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After killings, focus on Salwa Judum

Voices are now again being raised within different parties on its relevance after the killings, reports Ejaz Kaiser.

india Updated: Mar 17, 2007 23:23 IST

With the massacre of 55 policemen by the Naxalites in Rani Bodli in Dantewada district of Chhattisgarh the focus is now on the controversial Salwa Judum, the so-called anti-Naxalite peace campaign.



Voices are now again being raised within different political parties, social scientists and other observers over the implementation of Salwa Judum, ever since its inception in June 2005. Currently, the campaign is restricted to only four development blocks of Dantewada district. Chhattisgarh has 146 development blocks.



While the ruling Bharatiya Janata Party (BJP) looked quite united in support of the campaign, the main opposition Congress party is a divided house with former chief minister Ajit Jogi differing from his own partymen and leader of opposition Mahendra Karma. Karma in fact projects himself as an active leader of the Judum movement.



Jogi told the

Hindustan Times

that he is not against any people's movement but opposes Salwa Judum since it is poorly planned and has taken shape as state-sponsored terror tactic leading to more violence and loss of lives of local tribals.



"During the Congress rule in Chhattisgarh the Naxalite violence was lowest but in the present BJP government there is considerable escalation of violence and now they talk about Gandhian philosophy," said Jogi.



He charged that through this campaign the police were using the tribals as a shield against the Maoists. Naxalism is primarily a socio-economic problem and should be dealt with accordingly with a strong political will, he suggested as remedial measure. "Naxalism is not a law and order problem," he said.



Reiterating his demand to call-off such a movement, Jogi lashed out at the Raman Singh government for allegedly showing no concern over the plight of poor tribals. Along with Jogi several Congress MLAs close to him are opposing the campaign, though PCC has declared its support.



Mahendra Karma claimed that the movement would yield results and hinted for expansion of movement to other Naxalite-affected areas. "Through Salwa Judum we will soon win the war against the Maoists in Chhattisgarh," Karma claimed.



Repudiating the accusations made by opponents of Salwa Judum, Chief Minister Dr Raman Singh said that tribal unity and spirit displayed through Salwa Judum cannot be suppressed any longer and it could become a pioneering movement for all Naxalite-infested states in the country. "The Naxalite movement is three decades old and definitely it needed time and sacrifice to eliminate the menace," Singh said exuding confidence that the movement would culminate into success.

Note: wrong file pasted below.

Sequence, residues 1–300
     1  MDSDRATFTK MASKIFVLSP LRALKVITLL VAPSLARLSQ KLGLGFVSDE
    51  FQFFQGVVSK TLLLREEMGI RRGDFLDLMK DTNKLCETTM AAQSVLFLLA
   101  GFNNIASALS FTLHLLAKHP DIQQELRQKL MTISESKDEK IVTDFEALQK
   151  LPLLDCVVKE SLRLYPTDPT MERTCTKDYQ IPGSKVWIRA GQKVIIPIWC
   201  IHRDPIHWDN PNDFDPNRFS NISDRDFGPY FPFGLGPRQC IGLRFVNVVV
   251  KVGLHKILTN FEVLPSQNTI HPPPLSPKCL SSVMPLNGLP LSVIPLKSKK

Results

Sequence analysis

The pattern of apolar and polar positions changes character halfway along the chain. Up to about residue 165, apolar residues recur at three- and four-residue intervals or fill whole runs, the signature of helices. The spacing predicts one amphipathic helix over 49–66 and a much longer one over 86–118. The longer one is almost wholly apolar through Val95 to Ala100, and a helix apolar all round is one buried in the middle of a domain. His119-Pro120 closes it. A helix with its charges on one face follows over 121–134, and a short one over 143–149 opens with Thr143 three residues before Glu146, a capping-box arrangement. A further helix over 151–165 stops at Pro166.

He refused to admit that it is a government-sponsored movement. Both Singh and Karma participated in the Salwa Judum rallies on various occasions and addressed them in the past.



The officials in the Dantewada and Bastar districts say that the Naxalites have unleashed repeated reigns of terror out of sheer desperation as the strength of campaign has antagonized the Maoists.



And now Communist Party of India (CPI) smells conspiracy in the entire campaign. "It's a conspiracy by the state BJP leadership who are hand-in-glove with various MNCs and industries and are using Salwa Judum as a cover to get lands vacated for them in the resource rich areas of Dantewada and Bastar," alleged CPI state general secretary.



Recently, senior CPI leader AB Bardhan had expressed fear that the anti-Naxalite movement was being used to eliminate political rivals.



Retired Prof of Sociology and Anthropology, Surendra Parihar, is not ready to buy the contention that Salwa Judum is a peace campaign. "It is not a solution to Naxalite issue rather it has aggravated the problem. It is largely a government-sponsored programme conducted under the patronage of police and law enforcing agencies, created fissure in the society and divided tribal against the tribal. In fact it has given opportunity to the Naxalites to attack innocent people," he added.



Sachhidanand Joshi, theatre personality and Vice Chancellor Kushabhau Thakre University of Journalism, believes that the poor understanding of the concept of SJ and its implementation has created space for politicisation of the movement.



He rather advocates initiation of a constructive dialogue with the ultras to end the menace.



According to social activists associated with various voluntary organisations based in Dantewada and Bastar, the Salwa Judum which initially began with a good notion is now heavily politicised and serving the vested interests. "It is the tribals and poor villagers who are paying the price of the campaign," said the activist on condition of anonymity.